A lot of waiting goes on at a hospital and consequently a lot of thinking, where the imagination takes over. My first son was born in St Thomas’ Hospital in 1999. He was put into the neo-natal unit for the first week of his life and my wife was given a room facing the Houses of Parliament as we waited for his recovery (he was fine). Anyhow, at night I would look across at Parliament’s golden facade and wonder what the MPs were up to at that particular time; yes, sessions would still be going on, and possibly committee meetings, but I also imagined there to be lots of drinking and other intra-party ‘extra-curricular activities’, all in the name of oiling the cogs of democracy. I was almost tempted to go down to A&E to see if I could spot an errant MP.
I am reminded of this by Roz Goddard’s delightful poem Hammersmith Hospital 1968. The hospital is situated in an area of scrub land in West London. What’s interesting about it, is it sits right next to one of the most well-known (notorious?) prisons in the UK, Wormwood Scrubs. And like myself, our poet is waiting, and whilst waiting is looking out the window at the prisoners during recreation time. ‘I can see men in the exercise/yard larking about.’ But she has a very active imagination, ‘I imagine/them issuing threats and swearing and a fight/breaking out.’ (more…)
I’ve moved us away from ‘that London’ and back up to the North of England for two poems that tell a story of the town of Barnsley, through its ‘chop’, and in ‘Seams’ that of Yorkshire more widely during the 1980s.
Like Roy Marshall’s poem, ‘Meat is Murder’, Kay Buckley’s description of the butcher’s in ‘Barnsley Chop‘ is visceral and time-bound; ‘Back in day, when meat came in brown paper,/the blood soaked right through‘, and ‘those rubbery links hung like fat lips/from uppercuts on S shaped metal hooks‘. The ‘Barnsley Chop’ is being prepared for a visit by the Prince of Wales and comes to symbolise that mix of ceremony and tradition with a down-to-earth truth to self. So the meal is served on best china and the chop has ‘more meat than you can eat’, as though setting up the Prince (who is no ‘trencherman’) for a fall; and then the Mayor, ‘the host, ex-workhouse and a big union man./He didn’t stand on ceremony‘ with his stern humour when telling the Prince, ‘“If tha’ don’t eat that, I’ll tell thee mother.”’ (more…)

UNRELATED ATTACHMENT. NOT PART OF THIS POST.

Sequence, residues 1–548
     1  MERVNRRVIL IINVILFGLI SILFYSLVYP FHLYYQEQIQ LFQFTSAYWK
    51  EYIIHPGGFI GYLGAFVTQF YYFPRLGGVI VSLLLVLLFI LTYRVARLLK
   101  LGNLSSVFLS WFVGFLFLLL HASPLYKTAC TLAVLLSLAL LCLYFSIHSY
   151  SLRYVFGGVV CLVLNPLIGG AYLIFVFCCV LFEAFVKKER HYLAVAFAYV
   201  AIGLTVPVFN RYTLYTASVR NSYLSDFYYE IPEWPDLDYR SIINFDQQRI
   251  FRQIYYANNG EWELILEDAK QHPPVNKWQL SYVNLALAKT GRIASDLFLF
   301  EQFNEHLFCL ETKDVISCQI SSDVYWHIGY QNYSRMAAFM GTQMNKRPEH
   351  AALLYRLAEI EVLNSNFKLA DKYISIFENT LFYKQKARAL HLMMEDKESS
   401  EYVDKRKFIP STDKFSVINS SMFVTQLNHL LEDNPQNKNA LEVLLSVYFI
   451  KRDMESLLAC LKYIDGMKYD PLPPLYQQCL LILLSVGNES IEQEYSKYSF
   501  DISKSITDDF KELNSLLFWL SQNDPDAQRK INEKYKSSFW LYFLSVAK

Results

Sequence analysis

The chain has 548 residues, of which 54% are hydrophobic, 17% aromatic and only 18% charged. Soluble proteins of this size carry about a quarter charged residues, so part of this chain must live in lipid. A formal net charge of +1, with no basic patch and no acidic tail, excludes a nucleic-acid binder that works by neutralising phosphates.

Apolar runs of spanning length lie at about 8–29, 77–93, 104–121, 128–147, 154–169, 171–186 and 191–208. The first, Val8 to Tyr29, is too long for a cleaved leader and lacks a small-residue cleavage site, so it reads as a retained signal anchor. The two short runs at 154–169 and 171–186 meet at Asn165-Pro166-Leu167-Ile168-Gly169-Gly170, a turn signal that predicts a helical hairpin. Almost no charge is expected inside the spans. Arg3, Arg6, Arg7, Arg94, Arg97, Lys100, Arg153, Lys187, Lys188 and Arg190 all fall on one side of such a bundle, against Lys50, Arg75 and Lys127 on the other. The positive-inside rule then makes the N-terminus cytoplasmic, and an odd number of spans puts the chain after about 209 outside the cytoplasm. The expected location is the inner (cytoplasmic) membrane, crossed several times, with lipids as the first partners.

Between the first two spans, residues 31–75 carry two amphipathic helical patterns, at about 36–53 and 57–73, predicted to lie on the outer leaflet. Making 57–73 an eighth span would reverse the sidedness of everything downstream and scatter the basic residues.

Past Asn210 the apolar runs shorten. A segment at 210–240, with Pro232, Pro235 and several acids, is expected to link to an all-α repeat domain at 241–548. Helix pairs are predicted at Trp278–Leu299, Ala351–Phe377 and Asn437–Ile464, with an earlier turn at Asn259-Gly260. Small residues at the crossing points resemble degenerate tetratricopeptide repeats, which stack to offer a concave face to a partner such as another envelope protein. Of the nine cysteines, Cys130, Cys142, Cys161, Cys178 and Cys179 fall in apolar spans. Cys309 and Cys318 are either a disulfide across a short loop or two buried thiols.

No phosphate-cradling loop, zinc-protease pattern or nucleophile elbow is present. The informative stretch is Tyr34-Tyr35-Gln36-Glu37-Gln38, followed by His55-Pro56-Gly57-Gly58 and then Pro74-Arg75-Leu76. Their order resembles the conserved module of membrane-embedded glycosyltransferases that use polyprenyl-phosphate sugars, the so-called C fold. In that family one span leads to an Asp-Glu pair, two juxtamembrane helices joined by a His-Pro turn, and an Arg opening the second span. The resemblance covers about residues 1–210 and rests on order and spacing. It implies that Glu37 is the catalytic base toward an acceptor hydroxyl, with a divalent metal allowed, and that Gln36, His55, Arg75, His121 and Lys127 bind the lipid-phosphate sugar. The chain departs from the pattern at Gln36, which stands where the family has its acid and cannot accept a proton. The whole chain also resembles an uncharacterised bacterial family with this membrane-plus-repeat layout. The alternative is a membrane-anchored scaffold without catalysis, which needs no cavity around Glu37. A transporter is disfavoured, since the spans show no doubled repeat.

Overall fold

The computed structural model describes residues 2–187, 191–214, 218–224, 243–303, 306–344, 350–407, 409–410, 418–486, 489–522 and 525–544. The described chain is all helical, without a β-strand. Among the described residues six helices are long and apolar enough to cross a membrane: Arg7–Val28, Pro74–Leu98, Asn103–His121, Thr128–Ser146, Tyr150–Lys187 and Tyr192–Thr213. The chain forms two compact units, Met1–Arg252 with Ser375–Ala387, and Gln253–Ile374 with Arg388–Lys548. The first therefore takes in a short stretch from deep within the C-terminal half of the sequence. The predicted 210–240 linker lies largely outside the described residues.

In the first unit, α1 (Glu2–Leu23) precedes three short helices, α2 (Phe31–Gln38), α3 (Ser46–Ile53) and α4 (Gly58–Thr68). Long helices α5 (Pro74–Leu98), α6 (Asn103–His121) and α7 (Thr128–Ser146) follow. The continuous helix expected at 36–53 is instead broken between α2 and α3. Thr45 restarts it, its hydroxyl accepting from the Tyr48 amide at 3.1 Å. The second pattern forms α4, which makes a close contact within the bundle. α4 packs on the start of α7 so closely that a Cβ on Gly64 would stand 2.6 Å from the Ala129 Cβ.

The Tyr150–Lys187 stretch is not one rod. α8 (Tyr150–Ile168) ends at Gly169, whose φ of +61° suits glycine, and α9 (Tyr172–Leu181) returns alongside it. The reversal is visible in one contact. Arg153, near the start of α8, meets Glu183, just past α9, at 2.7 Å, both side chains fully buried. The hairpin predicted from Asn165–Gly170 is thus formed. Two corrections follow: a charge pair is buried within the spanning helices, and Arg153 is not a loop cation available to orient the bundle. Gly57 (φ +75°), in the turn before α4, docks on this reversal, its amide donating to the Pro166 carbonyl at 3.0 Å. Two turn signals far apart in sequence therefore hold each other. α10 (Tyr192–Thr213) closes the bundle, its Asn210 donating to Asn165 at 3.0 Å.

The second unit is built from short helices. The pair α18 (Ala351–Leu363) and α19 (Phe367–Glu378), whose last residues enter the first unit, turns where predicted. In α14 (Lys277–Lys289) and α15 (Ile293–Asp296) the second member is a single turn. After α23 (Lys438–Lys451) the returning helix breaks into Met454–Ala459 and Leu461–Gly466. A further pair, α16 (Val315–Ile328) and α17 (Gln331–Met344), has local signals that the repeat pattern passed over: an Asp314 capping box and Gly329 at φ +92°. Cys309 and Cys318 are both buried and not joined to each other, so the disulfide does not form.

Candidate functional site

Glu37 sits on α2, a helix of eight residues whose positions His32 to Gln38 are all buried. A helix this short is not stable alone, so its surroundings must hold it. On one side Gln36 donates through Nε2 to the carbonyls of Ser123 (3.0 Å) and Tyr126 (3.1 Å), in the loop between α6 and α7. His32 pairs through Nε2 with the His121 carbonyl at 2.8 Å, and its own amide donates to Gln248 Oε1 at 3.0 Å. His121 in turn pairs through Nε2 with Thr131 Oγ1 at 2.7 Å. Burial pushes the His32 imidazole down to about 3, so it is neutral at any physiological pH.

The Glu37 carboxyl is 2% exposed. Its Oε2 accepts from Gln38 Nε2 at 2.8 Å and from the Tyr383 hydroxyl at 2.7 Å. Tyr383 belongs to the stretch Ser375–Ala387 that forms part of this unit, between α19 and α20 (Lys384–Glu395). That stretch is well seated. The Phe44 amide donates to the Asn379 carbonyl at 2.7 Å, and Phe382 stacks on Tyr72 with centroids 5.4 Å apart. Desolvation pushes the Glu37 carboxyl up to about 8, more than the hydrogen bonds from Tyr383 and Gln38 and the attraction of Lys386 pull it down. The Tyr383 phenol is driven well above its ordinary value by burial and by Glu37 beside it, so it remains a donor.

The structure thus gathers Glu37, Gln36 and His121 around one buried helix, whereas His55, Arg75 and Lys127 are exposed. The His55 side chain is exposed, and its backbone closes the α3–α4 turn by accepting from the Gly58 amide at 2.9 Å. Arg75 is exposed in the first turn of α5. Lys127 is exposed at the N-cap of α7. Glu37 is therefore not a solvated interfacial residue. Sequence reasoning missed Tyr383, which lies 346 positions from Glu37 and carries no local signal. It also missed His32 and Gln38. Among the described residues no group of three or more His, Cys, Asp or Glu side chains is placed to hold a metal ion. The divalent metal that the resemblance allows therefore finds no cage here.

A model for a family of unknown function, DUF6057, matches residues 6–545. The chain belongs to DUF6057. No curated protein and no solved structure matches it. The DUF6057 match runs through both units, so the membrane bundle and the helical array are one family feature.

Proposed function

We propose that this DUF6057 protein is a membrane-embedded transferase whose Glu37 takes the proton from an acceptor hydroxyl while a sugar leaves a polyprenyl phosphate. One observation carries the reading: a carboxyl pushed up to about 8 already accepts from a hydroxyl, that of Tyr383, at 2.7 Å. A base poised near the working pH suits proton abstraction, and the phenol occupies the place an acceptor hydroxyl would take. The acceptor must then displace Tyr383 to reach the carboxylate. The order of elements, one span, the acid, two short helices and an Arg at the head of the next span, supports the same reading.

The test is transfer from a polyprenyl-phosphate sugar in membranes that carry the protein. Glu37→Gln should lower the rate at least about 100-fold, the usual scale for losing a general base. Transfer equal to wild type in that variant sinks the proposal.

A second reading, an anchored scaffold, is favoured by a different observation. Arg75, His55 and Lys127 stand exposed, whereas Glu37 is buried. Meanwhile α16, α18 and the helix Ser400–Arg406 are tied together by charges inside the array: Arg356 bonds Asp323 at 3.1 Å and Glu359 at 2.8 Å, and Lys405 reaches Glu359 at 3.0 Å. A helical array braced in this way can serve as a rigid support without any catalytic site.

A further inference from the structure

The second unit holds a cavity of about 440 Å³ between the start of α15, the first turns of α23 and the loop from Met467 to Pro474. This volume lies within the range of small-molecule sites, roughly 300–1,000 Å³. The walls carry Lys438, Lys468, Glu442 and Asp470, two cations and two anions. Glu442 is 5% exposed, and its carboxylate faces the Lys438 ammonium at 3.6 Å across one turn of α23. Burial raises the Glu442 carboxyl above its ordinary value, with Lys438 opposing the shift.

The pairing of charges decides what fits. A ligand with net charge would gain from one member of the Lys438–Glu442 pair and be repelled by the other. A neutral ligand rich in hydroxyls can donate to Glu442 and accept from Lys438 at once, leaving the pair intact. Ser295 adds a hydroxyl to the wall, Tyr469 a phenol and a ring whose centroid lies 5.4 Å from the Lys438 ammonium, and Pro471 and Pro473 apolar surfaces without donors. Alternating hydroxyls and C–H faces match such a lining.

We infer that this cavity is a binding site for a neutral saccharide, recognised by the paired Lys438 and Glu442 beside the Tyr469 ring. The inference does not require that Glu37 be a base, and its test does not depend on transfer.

It is said of Truman Capote that his book, In Cold Blood was the first non-fiction novel. Based on in-depth research, the book tells of a family murdered by two young men in Holcomb, Kansas in 1959. It was part of what became known as the New Journalism by the likes of Tom Wolfe, Norman Mailer and Joan Didion, who used literary devices to tell factual stories. Today, this type of writing has become known as creative non-fiction. Their approach was a form of social archaeology, where the writer is led by the subject, often taking them into strange situations (read Hunter S Thompson for more of that).
Poetry being the most (ahem) truthful of writing forms, I think could be described as creative non-fiction. It often tells true stories either of the poet or others’ lives, and relevant to PP giving voice to to people who are rarely heard or depicted truthfully; Anna Robinson did this beautifully on this site when portraying the lives of the women who were killed by Jack the Ripper.